2 in 3 CMOs are feeling pressure from the board to prove marketing’s value, a recent study from Duke University’s Fuqua School of Business revealed. While 8 in 10 US marketers responding to a new Adobe survey believe that marketing has value and that value can be measured, about two-thirds agree that there is now more pressure to show return on investment on marketing spend. Most don’t believe that pressure will be going away anytime soon.
According to the study – which also found a lack of confidence among respondents in key marketing areas – 8 in 10 marketers feel that it will be much (29%) or somewhat (50%) more important for their marketing function to prove business impact and/or ROI in the next 12 months. This view appears to be commonly held across marketing staff (82%) and decision-makers (76%), as well as by digital marketers (75%) and marketing generalists (80%).
Proof of ROI isn’t growing from a position of unimportance, either. Currently, 83% of marketers indicate that it is extremely (39%) or somewhat (44%) important for their team to prove business impact and/or ROI, with those figures also relatively constant across the various segments.
Nevertheless, marketers don’t believe the focus on ROI is going to dissipate anytime soon, and as a result mark this among their top challenges. Asked how concerned they are about a range of marketing issues, 77% respondents that they are extremely or very concerned about proving campaign effectiveness, and 75% concurred with respect to demonstrating marketing return on investment. Those were the top responses behind reaching customers (82%) and understanding whether campaigns are working (79%).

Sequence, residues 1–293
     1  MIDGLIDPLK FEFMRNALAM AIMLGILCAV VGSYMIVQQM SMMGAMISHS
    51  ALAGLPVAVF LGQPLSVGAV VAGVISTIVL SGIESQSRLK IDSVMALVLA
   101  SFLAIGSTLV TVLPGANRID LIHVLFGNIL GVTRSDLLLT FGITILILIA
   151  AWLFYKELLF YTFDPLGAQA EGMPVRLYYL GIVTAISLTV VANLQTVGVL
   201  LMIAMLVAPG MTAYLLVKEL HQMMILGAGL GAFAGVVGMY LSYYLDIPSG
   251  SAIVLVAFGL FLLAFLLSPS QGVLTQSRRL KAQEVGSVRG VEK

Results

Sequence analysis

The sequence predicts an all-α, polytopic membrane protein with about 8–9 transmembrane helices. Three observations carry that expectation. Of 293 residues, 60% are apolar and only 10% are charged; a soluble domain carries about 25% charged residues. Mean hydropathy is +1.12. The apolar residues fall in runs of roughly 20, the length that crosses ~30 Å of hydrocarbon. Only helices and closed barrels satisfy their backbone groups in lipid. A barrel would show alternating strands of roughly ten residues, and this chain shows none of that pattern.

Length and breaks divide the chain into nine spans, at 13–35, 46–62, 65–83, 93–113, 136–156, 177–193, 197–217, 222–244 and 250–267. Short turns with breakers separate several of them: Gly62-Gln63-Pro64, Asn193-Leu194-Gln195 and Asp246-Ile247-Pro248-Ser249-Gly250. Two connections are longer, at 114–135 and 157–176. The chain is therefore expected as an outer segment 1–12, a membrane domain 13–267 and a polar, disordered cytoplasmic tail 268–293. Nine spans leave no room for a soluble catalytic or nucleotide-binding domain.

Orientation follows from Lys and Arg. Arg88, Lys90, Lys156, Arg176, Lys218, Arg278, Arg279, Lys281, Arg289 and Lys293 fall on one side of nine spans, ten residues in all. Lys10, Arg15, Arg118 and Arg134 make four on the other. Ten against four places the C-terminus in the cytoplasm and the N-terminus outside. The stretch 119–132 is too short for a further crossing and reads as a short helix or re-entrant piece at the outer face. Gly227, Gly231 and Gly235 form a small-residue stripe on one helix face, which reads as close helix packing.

When asked what they are most concerned about, marketers tended to rank proving ROI as their 3rd-biggest concern behind reaching customers and understanding whether campaigns are working. For digital marketers, though, demonstrating ROI ranked second behind reaching customers.
With fewer than half of respondents indicating that it’s easy to to prove ROI to management, it appears that marketers have their work cut out for them.
See here for marketers’ main problems calculating ROI, and the toughest questions they face on the job.
About the Data: The data is derived from a survey of 1,017 US marketers fielded between August 26 and September 11, 2013 by Research Now. The margin of error at the 95% confidence level for the total sample is +/- 3.1%.
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